So the young athletic woman with hair the color of an almond croissant is Bernadette. Her voice comes over the studio’s speakers with the house music telling us to get two sets of weights. I don’t remember how heavy, but that’s because I’m still thinking of hash browns. I look what the tall guy and the blonde woman with all the tats get and decide to get lighter sets. I take them back to what is my step deck and mat.

I flinch at the prospect of using the step deck. I have never been to a step class and have no plans to attend one in the future. Years ago my wife bought a step deck and an exercise DVD so she could practice at home. During one workout she wanted me to “work in” (to use weight room lingo) a few minutes just to see if I liked it while she sat out to catch her breath. I reluctantly agreed and about four steps into a routine I tripped and fell. I do not have the coordination to do this step thing, and I’m sure the chances of stumbling would only increase the more fatigued I become. As it turned out the step decks in this class was more of like tools to be used in other ways then stepping on and off: a bench for exercises like push-ups and dumbbell flys.

Along with fewer risers under my step deck and lighter weights, I also took the cautious (or is it wimpy?) approach to this first session in the actual exercises opted for modifications. When Bernadette and the other two overachievers did star jacks I started doing them until I literally saw stars then just did standard jumping jacks. When the class did high steps, tapping the step deck with alternating feet, I just lamely alternated lifting my feet a few inches off the ground.

The style of workout I believe is called H.I.I.T. or High-Intensity Interval Training: workouts that alternate between intense bursts of activity (also known as “burst circuits”) as well as fixed periods of less-intense workouts. I’m not a stranger to burst circuits. I did this style of workout in a weight room setting where a trainer had me go to multiple stations, lifting to fatigue, immediately move to the next station where I would work on another set of muscles. When I had hit all the stations I was awarded a short break to catch my breath and hydrate then repeat. Since the weight room routine was not called “The Breakfast Club” I was under no illusions.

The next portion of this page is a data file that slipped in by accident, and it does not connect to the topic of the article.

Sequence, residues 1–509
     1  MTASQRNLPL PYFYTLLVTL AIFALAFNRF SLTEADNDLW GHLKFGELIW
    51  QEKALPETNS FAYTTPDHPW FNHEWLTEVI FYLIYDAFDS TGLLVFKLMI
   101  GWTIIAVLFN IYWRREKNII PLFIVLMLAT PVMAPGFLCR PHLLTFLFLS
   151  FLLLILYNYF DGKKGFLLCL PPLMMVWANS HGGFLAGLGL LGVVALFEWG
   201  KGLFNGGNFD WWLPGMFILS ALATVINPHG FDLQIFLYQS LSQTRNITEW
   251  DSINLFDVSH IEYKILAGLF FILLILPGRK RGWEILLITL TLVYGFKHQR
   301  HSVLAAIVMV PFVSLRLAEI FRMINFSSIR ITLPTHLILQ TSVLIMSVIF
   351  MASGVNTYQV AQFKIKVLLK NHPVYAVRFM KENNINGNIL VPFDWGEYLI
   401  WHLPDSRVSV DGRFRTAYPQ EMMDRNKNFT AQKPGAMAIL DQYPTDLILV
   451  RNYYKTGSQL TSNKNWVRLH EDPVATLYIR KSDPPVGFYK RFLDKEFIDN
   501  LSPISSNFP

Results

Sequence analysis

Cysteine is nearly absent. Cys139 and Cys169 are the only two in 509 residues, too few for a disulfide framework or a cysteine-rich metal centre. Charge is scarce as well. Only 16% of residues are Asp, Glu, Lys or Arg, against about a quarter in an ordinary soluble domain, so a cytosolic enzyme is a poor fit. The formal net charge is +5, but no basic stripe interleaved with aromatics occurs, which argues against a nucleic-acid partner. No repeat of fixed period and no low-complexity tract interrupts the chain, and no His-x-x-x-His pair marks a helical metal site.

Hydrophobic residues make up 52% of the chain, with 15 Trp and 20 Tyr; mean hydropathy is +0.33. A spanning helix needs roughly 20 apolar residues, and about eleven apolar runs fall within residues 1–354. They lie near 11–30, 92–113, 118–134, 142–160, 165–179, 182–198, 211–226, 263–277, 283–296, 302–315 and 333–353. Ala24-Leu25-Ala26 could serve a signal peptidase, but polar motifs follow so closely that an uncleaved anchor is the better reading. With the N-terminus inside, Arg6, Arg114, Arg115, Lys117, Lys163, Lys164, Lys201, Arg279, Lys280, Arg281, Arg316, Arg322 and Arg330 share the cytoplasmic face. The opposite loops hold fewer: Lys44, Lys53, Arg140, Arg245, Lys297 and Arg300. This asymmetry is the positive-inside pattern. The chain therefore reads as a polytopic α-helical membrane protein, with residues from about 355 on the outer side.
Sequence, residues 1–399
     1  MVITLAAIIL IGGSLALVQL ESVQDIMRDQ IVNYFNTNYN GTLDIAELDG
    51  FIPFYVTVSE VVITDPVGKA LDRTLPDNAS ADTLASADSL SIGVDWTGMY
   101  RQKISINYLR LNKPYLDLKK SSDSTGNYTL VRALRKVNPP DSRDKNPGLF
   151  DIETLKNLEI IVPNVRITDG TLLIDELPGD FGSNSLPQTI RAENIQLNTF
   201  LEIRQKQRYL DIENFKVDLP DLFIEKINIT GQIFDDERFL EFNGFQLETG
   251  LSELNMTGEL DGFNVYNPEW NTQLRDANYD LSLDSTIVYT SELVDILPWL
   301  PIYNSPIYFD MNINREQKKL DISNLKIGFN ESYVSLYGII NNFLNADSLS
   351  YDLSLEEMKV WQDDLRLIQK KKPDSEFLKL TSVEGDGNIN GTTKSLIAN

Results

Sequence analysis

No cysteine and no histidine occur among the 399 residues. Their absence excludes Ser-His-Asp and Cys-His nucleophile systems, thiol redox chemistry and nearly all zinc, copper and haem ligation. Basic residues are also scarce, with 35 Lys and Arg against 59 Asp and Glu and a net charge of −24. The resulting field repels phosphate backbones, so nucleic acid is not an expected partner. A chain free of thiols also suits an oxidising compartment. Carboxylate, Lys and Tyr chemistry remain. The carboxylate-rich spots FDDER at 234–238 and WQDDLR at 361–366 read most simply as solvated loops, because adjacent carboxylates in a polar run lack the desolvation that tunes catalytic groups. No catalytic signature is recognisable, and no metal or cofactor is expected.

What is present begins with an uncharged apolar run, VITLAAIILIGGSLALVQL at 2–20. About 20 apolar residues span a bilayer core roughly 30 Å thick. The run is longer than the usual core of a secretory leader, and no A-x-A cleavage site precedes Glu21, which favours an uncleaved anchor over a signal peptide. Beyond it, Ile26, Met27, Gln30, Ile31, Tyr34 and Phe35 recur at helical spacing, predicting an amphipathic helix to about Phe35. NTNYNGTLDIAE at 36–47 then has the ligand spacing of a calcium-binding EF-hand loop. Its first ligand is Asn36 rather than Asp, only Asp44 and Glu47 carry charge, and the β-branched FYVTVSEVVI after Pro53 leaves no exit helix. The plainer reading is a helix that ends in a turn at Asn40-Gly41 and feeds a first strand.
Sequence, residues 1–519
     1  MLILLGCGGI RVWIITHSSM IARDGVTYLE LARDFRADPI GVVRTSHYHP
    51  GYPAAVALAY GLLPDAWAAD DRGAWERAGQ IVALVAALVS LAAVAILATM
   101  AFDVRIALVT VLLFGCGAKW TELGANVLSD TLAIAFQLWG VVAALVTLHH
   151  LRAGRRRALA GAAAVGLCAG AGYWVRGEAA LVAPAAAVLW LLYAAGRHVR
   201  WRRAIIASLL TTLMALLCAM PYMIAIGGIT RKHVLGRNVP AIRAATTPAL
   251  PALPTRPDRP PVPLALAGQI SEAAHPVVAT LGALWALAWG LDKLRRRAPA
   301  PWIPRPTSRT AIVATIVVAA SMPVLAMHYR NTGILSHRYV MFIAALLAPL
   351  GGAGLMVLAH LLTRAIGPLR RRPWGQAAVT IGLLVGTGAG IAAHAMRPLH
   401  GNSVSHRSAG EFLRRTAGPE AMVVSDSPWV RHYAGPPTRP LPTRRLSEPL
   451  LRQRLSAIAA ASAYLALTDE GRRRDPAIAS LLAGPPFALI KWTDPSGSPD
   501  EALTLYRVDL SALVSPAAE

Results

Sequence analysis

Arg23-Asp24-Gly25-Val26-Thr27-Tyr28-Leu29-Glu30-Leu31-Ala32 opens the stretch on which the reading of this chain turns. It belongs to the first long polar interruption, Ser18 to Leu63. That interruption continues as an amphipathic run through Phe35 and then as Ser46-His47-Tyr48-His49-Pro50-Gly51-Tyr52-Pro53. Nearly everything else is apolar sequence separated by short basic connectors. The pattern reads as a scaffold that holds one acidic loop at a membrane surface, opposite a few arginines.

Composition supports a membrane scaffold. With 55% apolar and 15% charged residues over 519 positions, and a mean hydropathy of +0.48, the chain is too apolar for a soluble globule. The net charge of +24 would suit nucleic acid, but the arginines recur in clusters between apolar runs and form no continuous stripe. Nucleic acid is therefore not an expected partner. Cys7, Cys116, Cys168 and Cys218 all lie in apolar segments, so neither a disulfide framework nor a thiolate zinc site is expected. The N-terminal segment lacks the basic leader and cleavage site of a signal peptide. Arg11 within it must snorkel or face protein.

When the hour was up Bernadette told us to replace our step deck, risers, and weights. After an hour of this torture, I’m holding onto my kneecaps feeling my heart beat through my eyeballs, and she wants me to carry her water. You’re so damn fit put this shit away yourself, I thought. I did as I was told and left The Breakfastless Club.

Friday morning rolls around and I make my way to the Breakfast Club. This morning their serving up Boot Camp nice and hot: a series of cardio-centric exercises including suicides, scrambled eggs, backward suicides, green chilies, butt kicks, about a half an avocado, high knees, onions, overhead squats, cheddar cheese, jumping jacks, sourdough toast, lunges, hold the salsa, reverse lunges, a side of bacon, push-ups, and house potatoes. (Just kidding, the edibles are the contents of a South of the Border Scramble or at least the way I order it at Cafe Dantorels. Oh, and the push-ups are the hard kind, not the ice cream confection.)

The torture this morning is dolled out by Scott, a tall redheaded, bearded fellow that does not remind me of any food except ginger, but not gingerbread because that’s not really a breakfast food in my view. Scott gives me a lot of one-on-one attention–kind of like a Special Physical Education teacher. I’m not keeping up with the three overachievers in the group, including the retired woman who is running suicides around me all the while talking to Scott how much she loves retirement. Shut up!

On the far side of the room, there’s this tall, thin brunette with long hair. The brunette does not opt to put in a ponytail that insists on doing all exercises with dumbbells in her hands. I want to yell across the room at her, “Hey you, Scott didn’t tell us to use weights!” Instead, I shoot dirty looks at her via the mirrors that virtually surround us. She is too busy getting ripped to notice my glares. Anyway, her hair is in her eyes half the time. The guy between Miss Dumbbells and me is the second-most out of shape person, but he is soldiering on better than me. I doubt he thought The Breakfast Club were foodie events.

~ A Yoga Interlude ~

I attend yoga at the club on Tuesdays and Thursdays so I could comment on the Thursday night class between Bernadette and Scott, but it was the usual–nothing different from all the other Tuesday and Thursday classes. I have been practicing on Sundays the longest. This yoga class–the one after Friday’s torture and the unknown but forboding Monday class was very different. We were introduced to our new teacher. Let me make a point here. I don’t cruise yoga studios with my eyes. Yes, there are pretty, young women I practice with, but I pay them little mind. I’m concentrating on my practice. However, the yoga teacher who walked into the studio on Sunday was mysterious, dark, shy, and she taught Yin yoga. Yin is a style where the practitioner holds asanas (poses) for long periods of time—anywhere from two to four minutes in this kind of class, though the more skilled hold them far longer.